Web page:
The boy examined the vegetable with a suspicious eye. "What's this?" he asked with something more than curiosity but short of disgust. "It looks like little trees."

It was hard to believe that he had never seen broccoli before. "Try it," I said, echoing my mother.

Well, Jesse did try it, and, after a few chews, said it "wasn't bad." (Can there be higher praise of one's cooking from a 12-year-old?)

Back to artichokes. I made it my mission today to go out and find one.

When I entered the grocery store, I suddenly felt slightly uneasy about my intent. I mean, just how does one buy an artichoke? You squeeze tomatoes, seek out yellow bananas, and smell cantaloupes to test for maturity. But what can one possibly do to an artichoke?

It didn't take me long to find them. I mean, how could I miss the vegetable version of a porcupine? Looking the artichokes over, I wondered how it ever occurred to someone that they might be edible. I picked one up and struck a casual pose, trying to look like an experienced inspector of artichokes. I squeezed it, took a whiff, and then lifted a couple of leaves to take a gander within. All right, then, I'll take this one.

Home again. I'm standing at the kitchen counter, the artichoke lying in state before me. It's green, prickly, and has a stalk. So far, so good.

Only one question remains: what on earth do I do with it?

Cream of Artichoke Soup

Wash artichokes and cut off the top fourth. Also remove purplish leaves, which will be tough, as well as tips of petals, if desired. Cut the stem close to the base. After trimming, place each artichoke in water to which lemon juice has been added. When all are ready, put the artichokes in a deep pan containing 2 cups of water. Cover and cook until tender (when base is easily pierced with a knife, about 45 minutes). Allow the artichokes to cool to room temperature. Reserve the cooking water.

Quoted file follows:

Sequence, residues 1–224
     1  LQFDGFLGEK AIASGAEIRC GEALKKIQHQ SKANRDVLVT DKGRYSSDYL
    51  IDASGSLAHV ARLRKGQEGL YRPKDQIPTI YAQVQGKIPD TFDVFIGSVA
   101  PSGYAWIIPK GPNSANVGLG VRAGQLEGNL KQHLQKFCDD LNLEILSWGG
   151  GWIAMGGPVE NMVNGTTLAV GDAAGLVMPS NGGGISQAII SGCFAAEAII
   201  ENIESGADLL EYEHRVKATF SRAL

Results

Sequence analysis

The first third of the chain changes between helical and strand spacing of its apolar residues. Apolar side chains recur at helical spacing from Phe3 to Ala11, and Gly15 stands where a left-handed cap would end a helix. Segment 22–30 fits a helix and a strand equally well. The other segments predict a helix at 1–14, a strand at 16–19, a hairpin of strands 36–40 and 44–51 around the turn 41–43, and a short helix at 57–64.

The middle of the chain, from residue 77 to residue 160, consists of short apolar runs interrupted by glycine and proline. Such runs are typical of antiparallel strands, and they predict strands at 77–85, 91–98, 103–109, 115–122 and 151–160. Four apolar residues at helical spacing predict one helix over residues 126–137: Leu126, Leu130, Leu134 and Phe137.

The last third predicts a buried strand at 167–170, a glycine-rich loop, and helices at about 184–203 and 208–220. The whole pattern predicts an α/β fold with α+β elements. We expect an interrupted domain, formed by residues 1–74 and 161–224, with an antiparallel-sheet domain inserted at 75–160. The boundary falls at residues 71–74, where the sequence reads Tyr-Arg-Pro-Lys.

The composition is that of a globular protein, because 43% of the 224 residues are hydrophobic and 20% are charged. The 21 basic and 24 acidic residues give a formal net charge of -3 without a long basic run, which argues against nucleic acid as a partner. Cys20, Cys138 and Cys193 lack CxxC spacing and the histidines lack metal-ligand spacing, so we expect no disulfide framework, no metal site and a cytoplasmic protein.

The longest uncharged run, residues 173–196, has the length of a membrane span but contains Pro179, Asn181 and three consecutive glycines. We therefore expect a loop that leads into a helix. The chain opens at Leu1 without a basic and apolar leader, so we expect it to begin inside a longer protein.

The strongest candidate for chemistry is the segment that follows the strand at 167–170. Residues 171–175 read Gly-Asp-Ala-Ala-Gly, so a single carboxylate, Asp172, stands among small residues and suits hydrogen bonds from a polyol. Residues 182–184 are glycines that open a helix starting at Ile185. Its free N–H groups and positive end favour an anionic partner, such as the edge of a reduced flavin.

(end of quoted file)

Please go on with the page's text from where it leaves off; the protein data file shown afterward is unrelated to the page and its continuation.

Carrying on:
Remove the flesh from inside the bottom third of each leaf and place in medium soup pot along with the reserved cooking liquid.

Remove the fuzzy choke from each artichoke bottom and discard.

Coarsely dice the artichoke bottoms and place in the soup pot. Stir in the chicken broth, potato, carrot, onion, celery, garlic, and marjoram. Simmer until the vegetables are very soft and the liquid is reduced by one-third, about 45 minutes.

Remove the soup from the pot and purée in a blender.

Return the puréed soup to the pot and blend in the cream and the Parmesan cheese. Heat on low until the soup is warmed through, but don't allow it to boil. Taste and add salt or pepper, if desired.

Serves 4 to 6.

NOTE: Two packages frozen or 2 cans of artichoke hearts may be substituted for fresh ones. Chop before proceeding with recipe.

3 tablespoons lemon juice

2 cups water

2-1/2 cups chicken broth

1 medium potato, chopped

1 medium carrot, diced

1 medium onion, chopped

1 large stalk celery, diced

2 cloves garlic, minced

1/2 teaspoon dried marjoram

1 cup heavy cream or half-and-half

1/4 cup grated fresh Parmesan cheese

Salt and pepper to taste